Background: This three-part study examines previous clinical impressions that people with Prader-Willi syndrome have unusual jigsaw puzzle and word search skills.
Results: Children with Prader-Willi syndrome showed relative strengths on standardized visual-spatial tasks (Object Assembly, Triangles, VMI) in that their scores were significantly higher than age- and IQ-matched peers with mixed mental retardation, but below those of age-matched normal children with average IQs. In striking contrast, children with Prader-Willi syndrome scored on par with normal peers on word searches, and they far outperformed them on the jigsaw puzzles, placing more than twice as many pieces as the typically-developing group. Within Prader-Willi syndrome, puzzle proficiency was not predicted by age, IQ, gender, degree of obesity, or obsessive-compulsive symptoms, but by genetic subtypes of this disorder.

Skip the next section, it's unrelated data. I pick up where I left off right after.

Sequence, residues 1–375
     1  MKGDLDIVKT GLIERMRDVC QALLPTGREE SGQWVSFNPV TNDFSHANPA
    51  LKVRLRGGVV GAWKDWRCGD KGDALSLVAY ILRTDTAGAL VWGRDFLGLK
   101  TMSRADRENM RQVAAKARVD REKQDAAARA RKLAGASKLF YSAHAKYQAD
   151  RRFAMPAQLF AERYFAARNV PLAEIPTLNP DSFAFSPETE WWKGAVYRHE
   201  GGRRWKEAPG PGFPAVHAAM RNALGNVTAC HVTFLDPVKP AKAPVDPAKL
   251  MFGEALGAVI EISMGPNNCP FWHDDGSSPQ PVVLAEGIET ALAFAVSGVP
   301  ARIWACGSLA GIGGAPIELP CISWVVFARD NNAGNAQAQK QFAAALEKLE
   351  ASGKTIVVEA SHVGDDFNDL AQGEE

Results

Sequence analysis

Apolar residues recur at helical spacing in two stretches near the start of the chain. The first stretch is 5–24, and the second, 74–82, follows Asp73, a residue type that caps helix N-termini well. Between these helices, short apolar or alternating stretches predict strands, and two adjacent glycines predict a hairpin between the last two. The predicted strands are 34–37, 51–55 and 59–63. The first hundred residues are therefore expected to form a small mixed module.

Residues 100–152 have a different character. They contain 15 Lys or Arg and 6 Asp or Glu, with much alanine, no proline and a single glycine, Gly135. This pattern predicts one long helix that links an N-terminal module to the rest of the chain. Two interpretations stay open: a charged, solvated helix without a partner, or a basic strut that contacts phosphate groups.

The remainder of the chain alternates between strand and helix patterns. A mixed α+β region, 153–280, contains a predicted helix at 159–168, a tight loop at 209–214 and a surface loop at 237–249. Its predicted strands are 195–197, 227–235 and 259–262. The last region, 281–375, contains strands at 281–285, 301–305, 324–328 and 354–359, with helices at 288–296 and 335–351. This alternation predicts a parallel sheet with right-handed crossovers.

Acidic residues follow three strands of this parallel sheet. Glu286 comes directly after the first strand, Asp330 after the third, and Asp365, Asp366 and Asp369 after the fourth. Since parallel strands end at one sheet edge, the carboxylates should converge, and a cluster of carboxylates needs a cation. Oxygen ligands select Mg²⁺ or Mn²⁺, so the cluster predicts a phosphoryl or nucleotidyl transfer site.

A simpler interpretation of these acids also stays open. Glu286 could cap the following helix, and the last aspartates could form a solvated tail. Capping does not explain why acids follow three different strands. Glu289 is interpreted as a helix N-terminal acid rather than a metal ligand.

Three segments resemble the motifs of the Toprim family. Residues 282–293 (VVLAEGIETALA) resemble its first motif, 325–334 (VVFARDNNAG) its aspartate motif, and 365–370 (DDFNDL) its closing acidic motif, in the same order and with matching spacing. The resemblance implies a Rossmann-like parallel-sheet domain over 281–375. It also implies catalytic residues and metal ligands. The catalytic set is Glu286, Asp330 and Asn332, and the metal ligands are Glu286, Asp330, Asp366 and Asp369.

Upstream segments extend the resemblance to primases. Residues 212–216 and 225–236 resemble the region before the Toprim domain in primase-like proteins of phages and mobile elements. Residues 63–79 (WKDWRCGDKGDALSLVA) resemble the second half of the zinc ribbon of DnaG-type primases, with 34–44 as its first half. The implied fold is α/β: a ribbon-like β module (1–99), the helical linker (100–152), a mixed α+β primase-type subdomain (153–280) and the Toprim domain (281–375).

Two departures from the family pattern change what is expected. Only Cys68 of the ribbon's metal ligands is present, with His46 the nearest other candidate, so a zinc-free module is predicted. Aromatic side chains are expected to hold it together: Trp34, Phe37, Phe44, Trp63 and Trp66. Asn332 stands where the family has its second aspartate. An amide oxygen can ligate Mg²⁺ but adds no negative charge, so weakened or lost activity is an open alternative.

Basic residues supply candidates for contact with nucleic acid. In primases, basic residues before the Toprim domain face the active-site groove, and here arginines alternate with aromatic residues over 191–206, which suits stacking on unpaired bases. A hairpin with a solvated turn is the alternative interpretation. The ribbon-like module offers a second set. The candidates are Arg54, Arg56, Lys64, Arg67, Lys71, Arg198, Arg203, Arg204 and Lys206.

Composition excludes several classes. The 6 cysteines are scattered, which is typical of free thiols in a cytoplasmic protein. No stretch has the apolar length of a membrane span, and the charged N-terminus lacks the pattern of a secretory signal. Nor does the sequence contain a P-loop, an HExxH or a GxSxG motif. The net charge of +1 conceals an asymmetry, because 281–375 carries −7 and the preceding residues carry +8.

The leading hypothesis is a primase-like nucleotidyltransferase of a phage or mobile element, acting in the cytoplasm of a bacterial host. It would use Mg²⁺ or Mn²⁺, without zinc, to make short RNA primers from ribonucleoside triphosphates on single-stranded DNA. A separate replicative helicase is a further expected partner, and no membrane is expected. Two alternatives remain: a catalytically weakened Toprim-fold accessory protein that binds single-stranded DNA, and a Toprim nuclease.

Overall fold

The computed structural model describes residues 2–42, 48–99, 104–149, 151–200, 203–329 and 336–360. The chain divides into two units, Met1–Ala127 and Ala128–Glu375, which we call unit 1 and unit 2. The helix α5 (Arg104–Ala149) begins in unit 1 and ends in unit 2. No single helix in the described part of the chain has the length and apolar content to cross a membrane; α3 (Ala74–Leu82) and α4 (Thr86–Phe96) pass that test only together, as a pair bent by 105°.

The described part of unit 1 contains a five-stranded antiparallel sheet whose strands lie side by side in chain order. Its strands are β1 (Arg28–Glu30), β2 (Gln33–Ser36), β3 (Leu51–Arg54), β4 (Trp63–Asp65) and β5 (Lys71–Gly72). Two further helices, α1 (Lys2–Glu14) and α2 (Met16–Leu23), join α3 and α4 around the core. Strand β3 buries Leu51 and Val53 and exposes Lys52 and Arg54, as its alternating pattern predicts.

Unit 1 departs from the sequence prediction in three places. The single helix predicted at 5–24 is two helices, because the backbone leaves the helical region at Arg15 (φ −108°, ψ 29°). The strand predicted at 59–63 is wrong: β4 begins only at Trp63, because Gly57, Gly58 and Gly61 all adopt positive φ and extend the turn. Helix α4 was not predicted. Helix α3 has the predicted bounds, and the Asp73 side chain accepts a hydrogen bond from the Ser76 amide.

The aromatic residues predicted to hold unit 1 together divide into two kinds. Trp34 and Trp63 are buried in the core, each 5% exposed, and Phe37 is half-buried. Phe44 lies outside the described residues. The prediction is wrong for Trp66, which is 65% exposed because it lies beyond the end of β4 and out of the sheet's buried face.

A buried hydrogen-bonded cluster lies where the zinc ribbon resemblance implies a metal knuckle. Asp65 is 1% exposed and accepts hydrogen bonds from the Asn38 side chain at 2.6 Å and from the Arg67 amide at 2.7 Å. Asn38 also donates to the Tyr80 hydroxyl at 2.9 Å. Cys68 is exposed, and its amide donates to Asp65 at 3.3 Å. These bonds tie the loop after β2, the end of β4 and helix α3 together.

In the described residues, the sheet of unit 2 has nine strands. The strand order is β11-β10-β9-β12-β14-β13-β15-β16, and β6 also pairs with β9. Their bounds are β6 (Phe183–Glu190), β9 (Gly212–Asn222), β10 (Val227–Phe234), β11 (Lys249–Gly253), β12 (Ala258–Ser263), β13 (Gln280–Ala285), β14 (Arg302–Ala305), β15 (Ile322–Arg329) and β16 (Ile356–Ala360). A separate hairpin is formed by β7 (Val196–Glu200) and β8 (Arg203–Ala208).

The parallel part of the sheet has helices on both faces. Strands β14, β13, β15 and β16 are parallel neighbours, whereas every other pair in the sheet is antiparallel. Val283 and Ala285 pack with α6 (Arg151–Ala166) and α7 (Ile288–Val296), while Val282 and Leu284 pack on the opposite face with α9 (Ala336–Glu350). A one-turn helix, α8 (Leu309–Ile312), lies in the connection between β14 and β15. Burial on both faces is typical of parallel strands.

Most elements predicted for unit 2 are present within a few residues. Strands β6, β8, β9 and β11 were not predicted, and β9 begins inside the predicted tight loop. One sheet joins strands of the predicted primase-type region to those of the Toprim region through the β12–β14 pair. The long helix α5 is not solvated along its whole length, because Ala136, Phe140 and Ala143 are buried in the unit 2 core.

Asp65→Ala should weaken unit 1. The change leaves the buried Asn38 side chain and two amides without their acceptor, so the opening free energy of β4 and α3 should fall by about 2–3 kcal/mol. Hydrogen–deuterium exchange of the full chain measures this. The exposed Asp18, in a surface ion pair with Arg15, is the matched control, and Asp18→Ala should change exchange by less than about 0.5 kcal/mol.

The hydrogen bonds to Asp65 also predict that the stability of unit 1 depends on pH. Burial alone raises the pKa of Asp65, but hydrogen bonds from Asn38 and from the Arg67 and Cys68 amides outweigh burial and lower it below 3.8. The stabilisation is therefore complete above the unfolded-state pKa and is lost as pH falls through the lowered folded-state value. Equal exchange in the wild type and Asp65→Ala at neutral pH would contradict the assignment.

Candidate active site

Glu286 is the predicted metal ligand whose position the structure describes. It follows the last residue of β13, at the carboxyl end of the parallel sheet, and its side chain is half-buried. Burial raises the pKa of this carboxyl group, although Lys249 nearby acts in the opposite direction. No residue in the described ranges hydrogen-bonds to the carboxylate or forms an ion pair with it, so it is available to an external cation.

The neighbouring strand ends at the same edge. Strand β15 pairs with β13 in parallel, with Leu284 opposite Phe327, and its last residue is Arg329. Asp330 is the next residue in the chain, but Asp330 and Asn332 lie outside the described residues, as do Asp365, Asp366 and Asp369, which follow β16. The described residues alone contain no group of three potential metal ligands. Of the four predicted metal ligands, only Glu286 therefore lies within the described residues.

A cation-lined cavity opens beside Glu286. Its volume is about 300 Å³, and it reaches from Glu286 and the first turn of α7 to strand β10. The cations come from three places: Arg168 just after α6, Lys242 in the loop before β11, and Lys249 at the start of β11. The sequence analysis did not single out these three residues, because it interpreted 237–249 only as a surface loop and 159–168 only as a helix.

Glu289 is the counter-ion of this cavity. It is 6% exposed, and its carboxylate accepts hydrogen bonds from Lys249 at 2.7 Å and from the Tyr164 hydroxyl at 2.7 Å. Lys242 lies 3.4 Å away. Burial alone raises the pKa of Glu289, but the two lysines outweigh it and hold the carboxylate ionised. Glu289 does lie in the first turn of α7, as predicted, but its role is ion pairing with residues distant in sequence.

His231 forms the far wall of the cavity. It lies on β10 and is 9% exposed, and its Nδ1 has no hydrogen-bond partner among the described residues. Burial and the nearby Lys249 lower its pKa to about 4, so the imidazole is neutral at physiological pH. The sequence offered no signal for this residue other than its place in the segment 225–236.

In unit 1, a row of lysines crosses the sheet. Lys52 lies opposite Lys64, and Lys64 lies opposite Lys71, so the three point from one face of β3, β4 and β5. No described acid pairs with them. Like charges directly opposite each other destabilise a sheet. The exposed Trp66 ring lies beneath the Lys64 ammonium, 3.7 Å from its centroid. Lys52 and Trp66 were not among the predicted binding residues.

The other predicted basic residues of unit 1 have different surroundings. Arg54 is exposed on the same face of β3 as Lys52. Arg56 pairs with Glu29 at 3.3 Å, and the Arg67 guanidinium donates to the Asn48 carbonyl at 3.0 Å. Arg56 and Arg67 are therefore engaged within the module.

Conclusions: Findings are discussed in relation to splinter skills in autism, and to cases with autism and chromosome 15 anomalies that include the Prader-Willi region.